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Isolation and screening of rare Actinobacteria, a new insight for finding natural products with antivascular calcification activity.

Salimi, F; Hamedi, J; Motevaseli, E; Mohammadipanah, F.
J Appl Microbiol; 124(1): 254-266, 2018 Jan.
Artigo em Inglês | MEDLINE | ID: mdl-28990259

AIM:

Vascular calcification (VC) is a significant pathological process in some life-threatening diseases. Several pathological mechanisms, including transdifferentiation of vascular smooth muscle cells to osteoblast-like cells and apoptosis are involved in VC. Compounds with an inhibitory effect on these processes are potentially efficient medications. In consideration of the multiple biological activities of Actinobacteria, this research was aimed at finding anti-VC metabolite-producing Actinobacteria. METHODS AND

RESULTS:

After the isolation and identification of Actinobacteria, the effect of their fermentation broth extracts on the apoptosis rate was measured using various methods, for example, ethidium bromide/acridine orange staining, DNA laddering and diphenylamine assays. The effect of the most effective fermentation broth extract of Actinobacteria (FBEA) on the mRNA expression of runt-related transcription factor 2 (Runx2) and osteopontin (OPN) was examined. Finally, the most effective FBEA was fractionated and the chemical composition of anti-VC fractions was analysed using GC-MS. Various VC inhibition rates were observed in the tested FBEA (20 µg ml-1 ; 17·9-60·15%). The inhibition of DNA fragmentation was 7-48%. The FBE with the greatest anticalcification activity belonged to Kribbella sp. UTMC 267 and, according to 16S rRNA analysis, Kribbella sancticallisti with a similarity of 98·53% is its nearest neighbour. The FBE of Kribbella sp. UTMC 267 reduced Runx2 mRNA expression by 2·95-fold and OPN mRNA expression by 28·57-fold, both of which are considered significant (P < 0·05). Finally, GC-MS analysis showed the existence of potent anti-oxidative and anti-inflammation agents in FBE of Kribbella sp. UTMC 267.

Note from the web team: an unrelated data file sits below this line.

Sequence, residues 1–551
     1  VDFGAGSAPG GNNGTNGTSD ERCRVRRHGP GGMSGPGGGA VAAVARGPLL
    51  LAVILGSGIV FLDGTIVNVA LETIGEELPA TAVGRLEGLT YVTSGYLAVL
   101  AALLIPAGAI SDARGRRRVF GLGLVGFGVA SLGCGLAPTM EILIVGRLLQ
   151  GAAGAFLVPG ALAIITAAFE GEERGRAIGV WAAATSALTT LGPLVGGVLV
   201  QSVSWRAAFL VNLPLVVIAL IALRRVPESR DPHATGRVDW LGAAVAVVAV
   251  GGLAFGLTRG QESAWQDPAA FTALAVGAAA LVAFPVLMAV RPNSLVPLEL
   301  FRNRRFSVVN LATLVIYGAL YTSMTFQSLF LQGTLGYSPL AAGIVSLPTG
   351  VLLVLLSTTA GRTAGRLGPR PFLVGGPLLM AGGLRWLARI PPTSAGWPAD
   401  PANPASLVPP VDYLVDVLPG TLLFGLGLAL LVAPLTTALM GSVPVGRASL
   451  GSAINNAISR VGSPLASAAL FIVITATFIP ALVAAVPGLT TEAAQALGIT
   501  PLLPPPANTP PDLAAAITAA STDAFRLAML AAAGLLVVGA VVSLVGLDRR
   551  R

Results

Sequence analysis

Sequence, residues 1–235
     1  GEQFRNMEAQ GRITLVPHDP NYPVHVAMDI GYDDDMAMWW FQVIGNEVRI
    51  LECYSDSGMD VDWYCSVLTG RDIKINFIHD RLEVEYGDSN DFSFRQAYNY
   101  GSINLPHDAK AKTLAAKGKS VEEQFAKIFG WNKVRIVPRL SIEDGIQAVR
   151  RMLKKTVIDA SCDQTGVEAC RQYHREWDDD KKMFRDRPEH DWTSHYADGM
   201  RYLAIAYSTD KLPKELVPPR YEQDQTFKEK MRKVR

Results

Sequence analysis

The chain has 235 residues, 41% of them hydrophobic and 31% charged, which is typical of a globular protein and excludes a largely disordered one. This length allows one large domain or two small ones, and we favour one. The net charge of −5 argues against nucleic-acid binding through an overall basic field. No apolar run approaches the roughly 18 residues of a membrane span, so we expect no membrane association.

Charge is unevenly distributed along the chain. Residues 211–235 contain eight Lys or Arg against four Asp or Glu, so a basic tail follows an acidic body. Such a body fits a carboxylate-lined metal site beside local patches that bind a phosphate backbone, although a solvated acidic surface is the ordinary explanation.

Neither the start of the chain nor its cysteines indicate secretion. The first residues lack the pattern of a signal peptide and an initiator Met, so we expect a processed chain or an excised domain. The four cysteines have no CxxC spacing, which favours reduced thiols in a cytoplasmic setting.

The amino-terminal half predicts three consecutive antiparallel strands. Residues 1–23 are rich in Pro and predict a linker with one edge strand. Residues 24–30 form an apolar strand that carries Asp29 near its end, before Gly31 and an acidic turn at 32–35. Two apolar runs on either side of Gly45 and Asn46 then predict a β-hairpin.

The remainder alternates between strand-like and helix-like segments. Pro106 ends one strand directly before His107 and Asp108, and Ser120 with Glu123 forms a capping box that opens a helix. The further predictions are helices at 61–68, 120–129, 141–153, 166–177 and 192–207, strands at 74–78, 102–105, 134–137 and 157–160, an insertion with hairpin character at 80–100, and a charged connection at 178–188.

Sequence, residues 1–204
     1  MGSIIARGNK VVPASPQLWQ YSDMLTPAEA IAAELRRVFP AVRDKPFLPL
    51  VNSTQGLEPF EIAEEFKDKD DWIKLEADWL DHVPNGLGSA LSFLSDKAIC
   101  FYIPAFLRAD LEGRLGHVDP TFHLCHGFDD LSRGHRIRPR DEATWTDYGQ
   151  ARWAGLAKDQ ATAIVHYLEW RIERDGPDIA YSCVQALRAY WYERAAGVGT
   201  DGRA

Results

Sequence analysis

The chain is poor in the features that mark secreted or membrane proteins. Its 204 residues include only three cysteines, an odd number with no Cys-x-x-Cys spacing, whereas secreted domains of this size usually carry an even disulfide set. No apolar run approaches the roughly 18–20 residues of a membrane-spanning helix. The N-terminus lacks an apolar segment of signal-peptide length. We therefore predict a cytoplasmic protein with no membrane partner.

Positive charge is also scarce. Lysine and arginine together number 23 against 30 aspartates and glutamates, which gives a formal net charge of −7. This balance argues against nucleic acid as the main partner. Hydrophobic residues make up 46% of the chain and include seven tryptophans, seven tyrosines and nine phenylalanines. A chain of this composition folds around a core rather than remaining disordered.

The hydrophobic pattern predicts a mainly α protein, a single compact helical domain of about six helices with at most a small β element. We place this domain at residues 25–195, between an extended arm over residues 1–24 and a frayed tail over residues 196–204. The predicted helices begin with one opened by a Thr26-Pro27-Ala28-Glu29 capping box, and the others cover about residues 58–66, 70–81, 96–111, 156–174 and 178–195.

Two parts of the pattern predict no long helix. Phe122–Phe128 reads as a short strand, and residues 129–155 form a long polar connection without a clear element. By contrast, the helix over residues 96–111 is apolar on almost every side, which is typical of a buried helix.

CONCLUSIONS:

Actinobacterial metabolites can provide a new strategy for treating VC diseases by reducing the expression of osteogenic genes, the apoptosis rate and oxidative stress. SIGNIFICANCE AND IMPACT OF THE STUDY This study highlights the therapeutic potential of Kribbella sp. metabolites and Actinobacteria as a new natural source for drug discovery programs in the nonantibiotic bioactivity field.
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